Performance of Hashing in Javascript Crypto Libraries.

Dominic Tarr (Stackvm Mad Science University) 2014-04-04 (v1.1.1)


The performance of a cryptography library is not its most important consideration, but performance is still highly important. If performance is too low, it affects the usability, and so less cryptography will be used. In this article, I've compared the performance of the sha hashing functions in several javascript crypto libraries. These have wildly varying performance, and some have non-linear performance characteristics, and there are a few that have dramatically better perfomance.


So far, I have benchmarks for measuring hashing performance against input size, and key derivation performance (pbkdf2) as the number of iterations are increased. hashing a "large" file measures throughput, while key derivation depends on creating many hashes repeatedly - whether many hashes can be created in succession is quite a different measurement.

Since javascript timers are not very precise, if the time taking to hash is under 100 ms, the hash is repeated until the elapsed time is > 100ms, and the the time taken is adjusted to time_taken/repeated_runs.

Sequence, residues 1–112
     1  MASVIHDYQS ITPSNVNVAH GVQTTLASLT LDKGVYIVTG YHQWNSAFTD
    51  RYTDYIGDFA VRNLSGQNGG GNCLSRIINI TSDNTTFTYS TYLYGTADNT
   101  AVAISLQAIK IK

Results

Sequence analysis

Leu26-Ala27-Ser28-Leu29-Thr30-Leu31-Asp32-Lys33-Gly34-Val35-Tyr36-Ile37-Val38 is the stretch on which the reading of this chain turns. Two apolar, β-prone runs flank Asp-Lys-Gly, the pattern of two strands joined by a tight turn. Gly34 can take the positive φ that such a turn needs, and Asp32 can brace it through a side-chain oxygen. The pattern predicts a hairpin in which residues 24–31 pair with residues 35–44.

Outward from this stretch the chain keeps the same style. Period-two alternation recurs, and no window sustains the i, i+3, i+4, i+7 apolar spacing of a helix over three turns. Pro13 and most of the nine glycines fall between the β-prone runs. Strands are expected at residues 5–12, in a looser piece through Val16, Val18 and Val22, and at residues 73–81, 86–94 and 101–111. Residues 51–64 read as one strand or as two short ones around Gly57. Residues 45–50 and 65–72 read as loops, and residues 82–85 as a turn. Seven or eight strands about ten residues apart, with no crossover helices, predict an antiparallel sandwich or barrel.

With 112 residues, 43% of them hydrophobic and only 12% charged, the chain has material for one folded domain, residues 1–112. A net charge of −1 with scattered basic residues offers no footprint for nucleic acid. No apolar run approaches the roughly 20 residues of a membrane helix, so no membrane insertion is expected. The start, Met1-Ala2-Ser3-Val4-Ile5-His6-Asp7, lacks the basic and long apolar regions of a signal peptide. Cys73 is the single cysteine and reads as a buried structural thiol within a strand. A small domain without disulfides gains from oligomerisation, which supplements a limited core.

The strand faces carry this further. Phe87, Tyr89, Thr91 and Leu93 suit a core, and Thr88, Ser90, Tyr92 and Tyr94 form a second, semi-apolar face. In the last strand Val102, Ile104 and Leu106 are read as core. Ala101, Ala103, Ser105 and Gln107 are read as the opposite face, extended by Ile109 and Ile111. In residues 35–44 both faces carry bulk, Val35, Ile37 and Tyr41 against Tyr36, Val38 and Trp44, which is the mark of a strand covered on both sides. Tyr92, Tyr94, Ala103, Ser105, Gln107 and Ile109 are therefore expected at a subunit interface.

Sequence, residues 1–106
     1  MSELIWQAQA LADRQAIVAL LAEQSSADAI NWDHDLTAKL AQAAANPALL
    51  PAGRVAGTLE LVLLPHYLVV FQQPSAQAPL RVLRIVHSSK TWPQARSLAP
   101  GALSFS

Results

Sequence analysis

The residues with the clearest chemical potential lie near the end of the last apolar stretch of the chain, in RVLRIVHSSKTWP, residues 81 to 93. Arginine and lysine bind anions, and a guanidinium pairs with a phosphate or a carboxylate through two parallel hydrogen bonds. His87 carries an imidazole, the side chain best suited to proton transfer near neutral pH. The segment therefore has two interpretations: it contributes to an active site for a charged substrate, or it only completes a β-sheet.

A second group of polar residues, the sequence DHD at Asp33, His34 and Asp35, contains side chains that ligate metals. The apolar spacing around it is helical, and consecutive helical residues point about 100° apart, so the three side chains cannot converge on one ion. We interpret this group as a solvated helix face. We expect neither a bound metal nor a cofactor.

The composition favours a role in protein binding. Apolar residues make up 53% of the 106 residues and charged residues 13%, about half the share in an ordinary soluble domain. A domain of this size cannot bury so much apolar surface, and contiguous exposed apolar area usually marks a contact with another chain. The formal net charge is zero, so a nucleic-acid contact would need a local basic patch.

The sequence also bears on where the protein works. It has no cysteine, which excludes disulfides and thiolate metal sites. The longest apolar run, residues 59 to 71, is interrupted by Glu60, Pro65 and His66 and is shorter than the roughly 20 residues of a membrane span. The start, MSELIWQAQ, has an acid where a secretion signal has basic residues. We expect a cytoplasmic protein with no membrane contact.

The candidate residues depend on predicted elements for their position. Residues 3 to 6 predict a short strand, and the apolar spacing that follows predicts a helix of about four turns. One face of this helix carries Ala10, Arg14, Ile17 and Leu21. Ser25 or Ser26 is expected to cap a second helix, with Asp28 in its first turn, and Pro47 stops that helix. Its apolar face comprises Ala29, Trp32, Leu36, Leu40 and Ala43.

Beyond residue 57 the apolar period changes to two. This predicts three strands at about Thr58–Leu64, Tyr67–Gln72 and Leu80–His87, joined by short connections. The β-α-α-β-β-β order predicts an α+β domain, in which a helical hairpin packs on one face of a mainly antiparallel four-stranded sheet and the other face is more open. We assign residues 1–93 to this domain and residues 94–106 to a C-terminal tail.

All benchmarks where run on a macbook air 11 running archlinux and node@0.10.25

Crypto Libraries Tested

these libraries where also benchmarked, but they only implemented some of the features tested.

Hashing a 0-10MB File

Since each library provides a different API, each api has been wrapped to a function that takes a buffer, and then converts to a format that the algorithm can process, and calls the hash function with one buffer.

Since javascript did not originally include a way to represent binary, some of the older implementations use arrays of numbers or binary strings. This extra step is not necessarily fair on them, however it would be surprising if encoding had more than a small effect on hashing performance.

Sha1, Time Taken against Input Size.

sha1 hashing a 0-10MB file

(y-axis shows total time taken, lower is better)

Every implementation behaves basically linearly with input size, except that crypto-browserify and git-sha1 becomes more efficient once input size becomes about 2MB. Below 2MB, forge is slightly ahead of crypto-browserify. rusha is consistently the fastest, although at the low end of this graph it's difficult to see by much. and sjcl, crypto-js, and jshashes are significantly slower as size increases.

Sha1, Bytes Hashed Per Millisecond

sha1 hashing a 0-10MB file

(y-axis shows size/time, higher is better)

rusha stands out impressively ahead of all others. crypto-browserify and git-sha1 are close, and interestingly make a very similar non-linear step at about 2mb input size. Probably this is because they both allocate typed arrays, and that slows them down at low input sizes. A future experiment will be to manage TypedArrays with pooling, to make repeated hashes faster.